After the Nobel awards sparked the typeface idea I discovered two other examples of Kerstin’s roman calligraphy in my library, an alphabet in International Calligraphy Today (1981) and this undated calligraphy for Svenska Föreningen för Psykisk Hälsovård och tidskrifter Psykisk Hälsa [Mental Health, the journal of the Swedish Association for Mental Health]. Once again, there were distinct differences between them. My preference was for the latter with its lightness and elegance that seemed to match Lindegren’s italic, even though I had no intention of mating the two—contrary to Agfa/Compugraphic’s initial expectations.
This sheet of exploratory drawings aggregates the various versions of Kerstin’s roman calligraphy. It shows the stark differences among the four sources I had gathered in terms of weight, x-height and individual character shape (e.g. a, e, g and k). Despite beginning the project with the Beckett calligraphy in mind, it continued after this with a cross between the ITC alphabet and the mental health calligraphy as the model for Stockholm.
These two sheets (marked up faxes of my drawings) are annotated by myself (in red and blue ink) and Kerstin (in green ink and pencil). She was much more critical of my capitals than of my lowercase. (Approved letters are indicated by a check mark).
These drawings for some of the Stockholm capitals and lowercase letters followed my trip to Scandinavia and direct meeting with Kerstin. They reﬂect her suggestions as to how to improve my original forms. (Note the measurements at the bottom of the capitals sheet.)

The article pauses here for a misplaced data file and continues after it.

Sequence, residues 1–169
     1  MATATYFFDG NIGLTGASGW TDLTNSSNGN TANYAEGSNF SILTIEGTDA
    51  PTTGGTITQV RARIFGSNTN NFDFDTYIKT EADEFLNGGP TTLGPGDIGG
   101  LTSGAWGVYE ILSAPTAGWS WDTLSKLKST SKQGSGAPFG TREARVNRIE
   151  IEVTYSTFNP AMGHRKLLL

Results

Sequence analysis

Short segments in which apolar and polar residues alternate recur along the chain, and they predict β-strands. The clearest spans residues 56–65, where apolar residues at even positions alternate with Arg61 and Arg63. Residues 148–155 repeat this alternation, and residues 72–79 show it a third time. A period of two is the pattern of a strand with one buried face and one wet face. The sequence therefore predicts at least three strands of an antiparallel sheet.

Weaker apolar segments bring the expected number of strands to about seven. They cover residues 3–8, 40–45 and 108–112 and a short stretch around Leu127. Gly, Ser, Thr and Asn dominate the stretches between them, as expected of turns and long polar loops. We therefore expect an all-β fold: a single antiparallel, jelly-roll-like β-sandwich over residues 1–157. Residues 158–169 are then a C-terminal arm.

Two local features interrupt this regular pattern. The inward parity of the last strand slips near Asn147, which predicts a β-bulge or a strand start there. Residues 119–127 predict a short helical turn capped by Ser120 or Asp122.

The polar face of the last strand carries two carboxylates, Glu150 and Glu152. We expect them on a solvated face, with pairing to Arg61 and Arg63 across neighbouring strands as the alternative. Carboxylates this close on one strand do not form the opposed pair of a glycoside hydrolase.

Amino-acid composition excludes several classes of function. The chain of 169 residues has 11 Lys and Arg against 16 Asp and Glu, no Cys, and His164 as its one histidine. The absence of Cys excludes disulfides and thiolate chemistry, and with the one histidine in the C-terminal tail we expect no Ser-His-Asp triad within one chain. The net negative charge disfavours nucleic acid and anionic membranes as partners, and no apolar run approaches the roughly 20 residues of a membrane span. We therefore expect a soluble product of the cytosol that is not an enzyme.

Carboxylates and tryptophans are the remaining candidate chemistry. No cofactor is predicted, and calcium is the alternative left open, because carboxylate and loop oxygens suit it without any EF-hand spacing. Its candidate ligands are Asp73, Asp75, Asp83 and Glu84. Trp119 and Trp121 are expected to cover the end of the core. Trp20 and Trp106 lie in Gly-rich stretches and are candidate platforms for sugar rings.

This is a detail from a sheet of tracing paper where I was summarizing Kerstin’s comments on my May drawings. This was probably meant for Garrett as well as for myself so that he would know the new direction the letters were taking.
Kerstin’s annotations of my June 1998 revisions are in green ink. All other annotations are mine.
These four sheets (out of ﬁve—the one not contains punctuation and symbols) are annotated faxes of my drawings. My notes are in red ink (changed to black if on the drawing prior to faxing) while Kerstin’s are in green ink and blue pencil. (Note the positive comments—e.g. “yes!”, “good” and “thank you” as well as the critical ones.) At this point Stockholm, reflecting her input, had changed signiﬁcantly for the better, becoming softer yet not mushy.
These two printouts of the digital outlines of the Stockholm E as it was being revised show the subtlety of Kerstin’s calligraphy that, with her help, I was trying to capture. The juncture of the stem to the lower horizontal stroke has been changed as has the thickness of the latter. Also, the lower left side of the stem has been slightly altered.
These documents should make it clear that Kerstin Anckers contributed signiﬁcantly to the quality of the ﬁnal version of Stockholm, whether she was ultimately happy with the font or not. Perhaps Garrett and I (urged on by Agfa/Compugraphic, which was eager to get the Swedish Modern Set to market) stopped the process of revising the design too soon. On the other hand, that process may have gone on forever as I tried to continually reﬁne each letter to match a speciﬁc version of her calligraphy she had in mind—which was not always in sync with other versions of her calligraphy that I had in mind. In the end, the only possible way to have satisﬁed her would have been to have begun the project with a new alphabet drawn by her—something which she never offered, even at the outset—rather than with existing conﬂicting examples of her calligraphy.